The next step consisted of combining statements with similar formations to identify different discourses, namely competing representational practices through which knowledge about human rights and penality in the context of trafficking is generated. In this way, I was able to identify the four basic discourses mentioned in the introduction – the ‘law enforcement’, the ‘victims first’, the ‘incompatibility’ and the ‘transformative justice’ discourses. These discourses advance diverse understandings of the relationship between human rights and penality, and, in turn, produce different social, legal and political orders (Foucault, Reference Foucault1970). Finally, bringing together existing academic discussions with the findings of the DA, I looked at ‘the effects of power generated by what was said’ (Foucault, Reference Foucault1978, p. 11). Here, I sought to retrace how the discourses under analysis have had certain real effects and how these effects have been set into practice in initiatives against trafficking (Hall, Reference Hall, Wetherell, Taylor and Yates2001, p. 76).

The methodology of this paper is subject to limitations. First, the DA was able to problematise how, in the context of trafficking, human rights have been aligned with the state's coercive action, but it could not answer the question of why this alignment has occurred and what can be done to avoid it. Second, only statements that employed the words ‘human rights’ and ‘criminal law’ (or connected terms) could be identified using the DA method. Certain voices that reject the deployment of penality but do not engage with the language of rights may have been overlooked. Third, besides the UN, the investigation was focused on Europe and England and Wales. Discussions of trafficking in other regions and countries of both the Global North and the Global South were not considered. While similarities cannot be excluded, the findings are not necessarily applicable to other contexts. Finally, it is acknowledged that the corpus is composed of a selection of texts. For instance, in relation to NGOs, only reports of large international organisations – more likely to influence trafficking policy – were explored, while documents produced by local NGOs or grassroots movements were not considered. The academic texts analysed are also a fraction of the large number of commentaries written on trafficking in the last three decades. Nonetheless, this analysis allowed me to identify four basic discourses that do not exactly correspond to the various approaches usually presented in the literature. Going beyond the simple division between a human rights and a crime-control approach, the analysis provided an opportunity to advance the understanding of how rights language is used to promote penal expansion.

Although my analysis centres on human rights and penality, it is important to bear in mind that in the past three decades, other discursive frames have been promoted in the anti-trafficking field. These additional frames include sex work and prostitution; migration, smuggling and border control; forced labour and modern slavery (Kotiswaran, Reference Kotiswaran2019b, p. 55). Over the years, emphasis has shifted from certain frames to others, following both social change and dominant ideologies. The late 1990s and early 2000s were defined by a focus on sex trafficking and the association of trafficking with forced migration for sex work (Andrijasevic, Reference Andrijasevic2007). Labour exploitation started being included in the dominant understanding of trafficking by 2009, due to the growing visibility of the International Labour Organisation's interventions on forced labour and the change of priorities (and presidency) in the US (Kotiswaran, Reference Kotiswaran2019b, p. 63). This new phase rendered visible the competing frames of ‘modern slavery’ and ‘forced labour’. Since 2014, trafficking interventions have been promoted explicitly in terms of slavery and forced labour both at the national and international levels (Kotiswaran, Reference Kotiswaran2019b, pp. 64–68). Notwithstanding these developments, throughout the past three decades, trafficking has consistently been viewed as an issue of both human rights and criminal justice concern.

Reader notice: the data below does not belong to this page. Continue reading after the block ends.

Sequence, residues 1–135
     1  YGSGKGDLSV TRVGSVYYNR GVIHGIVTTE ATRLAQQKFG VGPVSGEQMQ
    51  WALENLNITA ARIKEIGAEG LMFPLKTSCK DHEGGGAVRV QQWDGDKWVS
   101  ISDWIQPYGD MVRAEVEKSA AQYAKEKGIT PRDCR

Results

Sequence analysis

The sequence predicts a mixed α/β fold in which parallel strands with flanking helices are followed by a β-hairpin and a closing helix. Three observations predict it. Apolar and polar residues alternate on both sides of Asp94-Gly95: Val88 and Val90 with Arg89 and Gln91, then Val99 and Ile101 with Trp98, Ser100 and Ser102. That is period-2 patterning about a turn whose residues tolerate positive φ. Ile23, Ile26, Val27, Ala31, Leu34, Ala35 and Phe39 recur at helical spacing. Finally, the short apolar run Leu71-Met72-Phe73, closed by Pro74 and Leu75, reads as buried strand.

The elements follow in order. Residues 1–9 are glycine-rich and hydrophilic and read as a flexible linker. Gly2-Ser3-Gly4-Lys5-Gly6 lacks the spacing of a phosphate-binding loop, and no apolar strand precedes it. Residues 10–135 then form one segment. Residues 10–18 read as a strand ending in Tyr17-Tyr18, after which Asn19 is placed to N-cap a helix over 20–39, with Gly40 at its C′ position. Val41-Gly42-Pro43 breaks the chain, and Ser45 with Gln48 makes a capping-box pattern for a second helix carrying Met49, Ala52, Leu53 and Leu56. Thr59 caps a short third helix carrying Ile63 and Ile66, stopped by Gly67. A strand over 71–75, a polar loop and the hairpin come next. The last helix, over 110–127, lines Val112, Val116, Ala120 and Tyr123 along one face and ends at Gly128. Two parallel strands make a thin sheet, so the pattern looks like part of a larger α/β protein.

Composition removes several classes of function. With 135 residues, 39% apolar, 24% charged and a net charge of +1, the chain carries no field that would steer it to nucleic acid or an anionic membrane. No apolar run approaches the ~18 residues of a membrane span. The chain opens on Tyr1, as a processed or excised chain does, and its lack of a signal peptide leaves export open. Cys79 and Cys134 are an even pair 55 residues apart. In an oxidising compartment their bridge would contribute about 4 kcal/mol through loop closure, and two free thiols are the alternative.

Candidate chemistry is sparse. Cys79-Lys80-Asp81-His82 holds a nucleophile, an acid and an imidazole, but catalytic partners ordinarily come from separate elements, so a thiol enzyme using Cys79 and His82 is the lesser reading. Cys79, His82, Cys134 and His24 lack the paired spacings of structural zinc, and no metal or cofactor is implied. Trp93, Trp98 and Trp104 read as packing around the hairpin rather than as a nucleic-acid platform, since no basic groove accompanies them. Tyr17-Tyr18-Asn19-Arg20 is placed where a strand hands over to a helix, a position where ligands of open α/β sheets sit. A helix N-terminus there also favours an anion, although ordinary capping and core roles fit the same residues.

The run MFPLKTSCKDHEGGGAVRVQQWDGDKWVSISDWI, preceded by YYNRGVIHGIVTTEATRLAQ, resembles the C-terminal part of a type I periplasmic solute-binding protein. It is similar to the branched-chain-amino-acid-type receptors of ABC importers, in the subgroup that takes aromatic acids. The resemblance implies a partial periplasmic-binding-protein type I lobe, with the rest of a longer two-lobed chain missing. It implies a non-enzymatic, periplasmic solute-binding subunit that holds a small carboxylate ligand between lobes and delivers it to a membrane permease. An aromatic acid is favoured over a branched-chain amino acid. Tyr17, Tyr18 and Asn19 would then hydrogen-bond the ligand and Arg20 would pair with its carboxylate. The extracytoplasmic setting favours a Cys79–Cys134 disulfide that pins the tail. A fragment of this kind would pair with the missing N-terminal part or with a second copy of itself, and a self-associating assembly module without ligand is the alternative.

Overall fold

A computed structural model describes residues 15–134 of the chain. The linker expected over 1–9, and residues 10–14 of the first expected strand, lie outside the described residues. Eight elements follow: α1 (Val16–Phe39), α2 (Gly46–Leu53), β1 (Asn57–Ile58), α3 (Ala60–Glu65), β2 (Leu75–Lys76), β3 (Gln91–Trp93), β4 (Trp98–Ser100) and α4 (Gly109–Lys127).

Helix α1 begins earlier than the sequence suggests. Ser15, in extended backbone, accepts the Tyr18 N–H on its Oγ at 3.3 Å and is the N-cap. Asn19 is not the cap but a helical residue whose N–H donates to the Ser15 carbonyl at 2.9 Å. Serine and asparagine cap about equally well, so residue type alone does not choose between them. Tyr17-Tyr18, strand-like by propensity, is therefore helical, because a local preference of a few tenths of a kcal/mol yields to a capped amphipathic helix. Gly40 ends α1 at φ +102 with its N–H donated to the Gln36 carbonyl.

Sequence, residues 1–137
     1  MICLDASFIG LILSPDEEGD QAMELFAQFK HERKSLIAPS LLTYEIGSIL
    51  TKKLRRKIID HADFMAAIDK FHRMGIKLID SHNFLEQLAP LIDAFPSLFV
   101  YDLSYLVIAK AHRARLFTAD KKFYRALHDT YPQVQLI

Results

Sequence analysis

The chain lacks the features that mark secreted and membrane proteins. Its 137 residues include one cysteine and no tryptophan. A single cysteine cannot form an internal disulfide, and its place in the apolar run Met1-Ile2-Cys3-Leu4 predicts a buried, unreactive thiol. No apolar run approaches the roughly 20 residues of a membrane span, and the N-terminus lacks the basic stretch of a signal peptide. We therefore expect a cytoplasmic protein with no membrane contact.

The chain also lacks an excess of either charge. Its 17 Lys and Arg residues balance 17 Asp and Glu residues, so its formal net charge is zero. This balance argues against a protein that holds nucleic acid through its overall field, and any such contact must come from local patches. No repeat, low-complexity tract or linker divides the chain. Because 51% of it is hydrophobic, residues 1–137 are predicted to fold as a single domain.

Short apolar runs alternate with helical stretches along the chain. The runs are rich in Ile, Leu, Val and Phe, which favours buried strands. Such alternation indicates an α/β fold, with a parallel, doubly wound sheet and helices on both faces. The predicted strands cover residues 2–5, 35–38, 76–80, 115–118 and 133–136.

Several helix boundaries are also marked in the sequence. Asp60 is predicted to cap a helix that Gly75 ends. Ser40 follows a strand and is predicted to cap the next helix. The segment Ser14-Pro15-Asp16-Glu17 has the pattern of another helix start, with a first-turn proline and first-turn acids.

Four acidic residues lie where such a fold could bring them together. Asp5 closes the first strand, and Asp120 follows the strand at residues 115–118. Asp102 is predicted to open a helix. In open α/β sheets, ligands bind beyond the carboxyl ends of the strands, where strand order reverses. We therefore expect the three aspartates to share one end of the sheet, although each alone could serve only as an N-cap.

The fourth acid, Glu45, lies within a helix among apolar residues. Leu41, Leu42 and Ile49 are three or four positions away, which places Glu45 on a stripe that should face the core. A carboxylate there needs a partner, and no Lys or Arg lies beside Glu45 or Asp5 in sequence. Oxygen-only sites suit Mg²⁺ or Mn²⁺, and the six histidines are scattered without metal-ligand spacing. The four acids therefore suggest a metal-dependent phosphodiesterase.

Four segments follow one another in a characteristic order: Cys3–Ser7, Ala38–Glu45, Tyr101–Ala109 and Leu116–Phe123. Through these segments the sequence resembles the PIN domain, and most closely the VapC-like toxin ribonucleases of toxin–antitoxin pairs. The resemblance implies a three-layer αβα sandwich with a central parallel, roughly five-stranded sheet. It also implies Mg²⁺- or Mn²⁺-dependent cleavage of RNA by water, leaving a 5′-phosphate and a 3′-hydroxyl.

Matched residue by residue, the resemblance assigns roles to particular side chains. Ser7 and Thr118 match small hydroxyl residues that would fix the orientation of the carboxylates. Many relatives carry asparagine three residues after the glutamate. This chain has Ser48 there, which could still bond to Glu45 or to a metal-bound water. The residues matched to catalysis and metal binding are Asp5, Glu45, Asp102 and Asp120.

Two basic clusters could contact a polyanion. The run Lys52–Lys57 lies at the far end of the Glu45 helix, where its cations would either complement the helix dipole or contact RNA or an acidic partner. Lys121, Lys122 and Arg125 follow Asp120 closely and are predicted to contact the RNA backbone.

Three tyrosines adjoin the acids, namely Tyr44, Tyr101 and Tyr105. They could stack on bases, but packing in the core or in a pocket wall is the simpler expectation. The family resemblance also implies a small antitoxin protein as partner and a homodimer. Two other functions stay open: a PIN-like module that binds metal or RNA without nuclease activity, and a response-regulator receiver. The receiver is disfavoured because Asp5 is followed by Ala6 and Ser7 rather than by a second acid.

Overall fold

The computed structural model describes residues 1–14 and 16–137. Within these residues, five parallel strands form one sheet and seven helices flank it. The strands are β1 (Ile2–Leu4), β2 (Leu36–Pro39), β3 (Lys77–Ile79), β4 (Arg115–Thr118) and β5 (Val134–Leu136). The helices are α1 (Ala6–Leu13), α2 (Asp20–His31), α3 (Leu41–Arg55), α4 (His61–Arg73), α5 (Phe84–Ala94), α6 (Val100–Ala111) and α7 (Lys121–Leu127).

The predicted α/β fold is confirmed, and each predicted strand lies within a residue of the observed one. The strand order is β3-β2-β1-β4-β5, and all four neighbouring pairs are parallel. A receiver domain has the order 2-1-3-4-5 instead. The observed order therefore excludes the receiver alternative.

3 Formations of objects

Since the 1990s, human trafficking has been the object of attention, debate and regulation from disparate groups, individuals and states. However, human trafficking remains an over-determined concept, around which everyone can mobilise while having a different understanding of the targeted phenomenon. Under Article 4 of the 2000 Protocol to Prevent, Suppress and Punish Trafficking in Persons Especially Women and Children (UN Trafficking Protocol), trafficking is composed of three elements: (1) an action – ‘the recruitment, transportation, transfer, harbouring or receipt of persons’; (2) certain means – ‘the threat or use of force or other forms of coercion, of abduction, of fraud, of deception, of the abuse of power or of a position of vulnerability or of the giving or receiving of payments or benefits to achieve the consent of a person having control over another person’; and (3) the purpose of exploitation. This definition is sufficiently broad to cover diverse situations and demand disparate responses (Chuang, Reference Chuang2014, p. 610). This section explores whether and how trafficking is framed as a ‘crime’ and/or a ‘human rights violation’ in the four discourses under analysis. It also examines how it relates to other phenomena and how understanding of trafficking is so constituted.